Strand
PHIL.III
Philanthropy and the Individual
Index: 
3
Code: 
PI

Our communities may have people from many cultures and there may be many different languages spoken. Sparked by a playful video of kids teaching other kids their languages, we explore the languages represented in our communities. 

Why do we have cultural recognition months? The U.S. calendar of holidays includes months like National Hispanic Heritage Month and National Women's History Month in recognition of groups that have been historically underrepresented in the U.S. This lesson explores why and how we put these spotlights on specific months. 

In this lesson, youth become aware and gain empathy for the discrimination people experience because of their race, age, gender, and other reasons. The group discusses ways to be inclusive. A Mix it Up Day changes our familiar boundaries and helps us connect to new people.

What does it mean to live philanthropically with our “treasure”?  In what ways do we impact nature through purchasing decisions? Participants will develop their understanding of philanthropy and corporate social responsibility.  Through researching the ways companies engage in corporate social responsibility, participants explore the impact of individuals making purchasing choices based on environmental sustainability and ethics.

Through analyzing a Ted Talk by Robin Wall Kimmerer, participants develop their understanding of what it means to respond with gratitude to the gifts from the Earth. Participants expand their awareness of the interdependent relationship between humans and nature. Kimmerer motivates and inspires us to be grateful recipients of Earth's gifts.

This secondary lesson explains what the U.S. Census is and why it is important for everyone. Every ten years, we count everyone who is living in the U.S., from babies to the oldest people. This gives our government a clear idea of who is using services and where we have growth or decrease in population. If we know who lives where, we can make sure to provide services, such as education, health care, public services, and food/housing in the needed places. 

This lesson explains what the Census is and why it is important for everyone. Every ten years, we count everyone who is living in the U.S., from babies to the oldest people. This gives our government a clear idea of who lives where and regions where we have growth or decrease in population. If we know who lives where, we can make sure to provide services, such as education, health care, public services, and food/housing in the needed places.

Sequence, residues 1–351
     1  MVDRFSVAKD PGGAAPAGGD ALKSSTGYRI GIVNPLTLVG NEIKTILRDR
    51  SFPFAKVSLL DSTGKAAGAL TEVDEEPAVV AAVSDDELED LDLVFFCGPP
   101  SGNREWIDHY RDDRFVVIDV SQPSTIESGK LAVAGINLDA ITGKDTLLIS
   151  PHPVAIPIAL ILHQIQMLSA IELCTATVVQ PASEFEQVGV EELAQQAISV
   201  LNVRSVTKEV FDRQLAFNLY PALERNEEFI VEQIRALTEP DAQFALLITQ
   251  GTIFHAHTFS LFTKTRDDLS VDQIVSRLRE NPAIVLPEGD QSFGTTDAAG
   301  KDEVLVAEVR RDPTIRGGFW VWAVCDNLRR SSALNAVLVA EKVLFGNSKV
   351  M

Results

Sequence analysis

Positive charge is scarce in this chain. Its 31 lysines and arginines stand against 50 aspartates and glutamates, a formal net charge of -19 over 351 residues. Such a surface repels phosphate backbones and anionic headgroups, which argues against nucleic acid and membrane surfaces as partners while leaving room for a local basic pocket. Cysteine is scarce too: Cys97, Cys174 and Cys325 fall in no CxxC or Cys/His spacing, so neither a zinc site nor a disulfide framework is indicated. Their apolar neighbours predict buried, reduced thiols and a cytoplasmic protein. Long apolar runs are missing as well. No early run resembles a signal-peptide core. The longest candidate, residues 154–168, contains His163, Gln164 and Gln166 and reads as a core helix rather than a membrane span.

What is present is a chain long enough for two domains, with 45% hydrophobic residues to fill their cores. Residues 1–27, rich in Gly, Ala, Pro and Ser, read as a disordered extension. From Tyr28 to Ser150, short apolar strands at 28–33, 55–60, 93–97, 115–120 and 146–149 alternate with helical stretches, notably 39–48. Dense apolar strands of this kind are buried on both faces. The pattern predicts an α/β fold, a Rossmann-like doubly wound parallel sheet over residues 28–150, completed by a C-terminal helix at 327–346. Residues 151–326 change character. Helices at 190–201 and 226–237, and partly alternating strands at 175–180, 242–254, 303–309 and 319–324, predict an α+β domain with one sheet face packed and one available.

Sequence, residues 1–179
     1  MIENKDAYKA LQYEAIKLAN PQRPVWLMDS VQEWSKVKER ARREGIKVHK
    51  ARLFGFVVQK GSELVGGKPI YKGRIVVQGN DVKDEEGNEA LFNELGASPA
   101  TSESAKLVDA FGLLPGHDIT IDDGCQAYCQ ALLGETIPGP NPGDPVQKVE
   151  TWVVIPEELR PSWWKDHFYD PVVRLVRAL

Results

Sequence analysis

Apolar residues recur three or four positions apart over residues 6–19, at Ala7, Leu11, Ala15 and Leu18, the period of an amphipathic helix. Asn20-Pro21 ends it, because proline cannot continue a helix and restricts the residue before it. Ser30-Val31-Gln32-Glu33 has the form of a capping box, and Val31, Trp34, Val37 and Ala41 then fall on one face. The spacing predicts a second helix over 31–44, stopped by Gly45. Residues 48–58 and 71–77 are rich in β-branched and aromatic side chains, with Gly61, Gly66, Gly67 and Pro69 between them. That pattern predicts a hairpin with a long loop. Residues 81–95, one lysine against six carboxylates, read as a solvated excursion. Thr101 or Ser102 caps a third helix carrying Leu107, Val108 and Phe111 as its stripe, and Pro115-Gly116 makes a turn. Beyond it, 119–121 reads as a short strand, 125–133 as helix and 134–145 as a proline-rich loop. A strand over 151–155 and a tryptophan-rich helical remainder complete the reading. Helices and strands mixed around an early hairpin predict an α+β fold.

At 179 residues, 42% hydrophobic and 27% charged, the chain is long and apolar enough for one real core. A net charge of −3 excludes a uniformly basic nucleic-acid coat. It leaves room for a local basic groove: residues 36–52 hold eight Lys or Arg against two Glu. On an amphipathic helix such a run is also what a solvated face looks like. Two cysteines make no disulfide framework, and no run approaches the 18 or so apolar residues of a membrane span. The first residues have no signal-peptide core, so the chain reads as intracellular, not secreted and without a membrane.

In response to a read-aloud story about improving a community with individual gifts of time and talent, students explore talents and interests of their own and others. They practice listening and responding with respect. They raise awareness through volunteering of the benefit to communities of a variety of contributions. Everyone has something to give, and this lesson helps us respect and celebrate the contributions we all can make. Students internalize "I matter in my communities." 

In response to Martin Luther King, Jr.'s challenge to be the best with the talents you have, students explore talents and interests of their own and others. They practice listening and responding with respect. They raise awareness through volunteering of the benefit to communities of a variety of contributions. Everyone has something to give, and this lesson helps us respect and celebrate the contributions we all can make. Students internalize "I matter in my communities." 

Building a caring and inclusive classroom begins with an understanding of where students are at not just academically, but emotionally. Many students today have been exposed to adverse childhood experiences that affect their ability to regulate their emotions. By teaching children positive behavior and self-regulation, teachers can help improve outcomes for all students. This lesson will introduce students to mindful activities and the use of gratitude journals.

Pages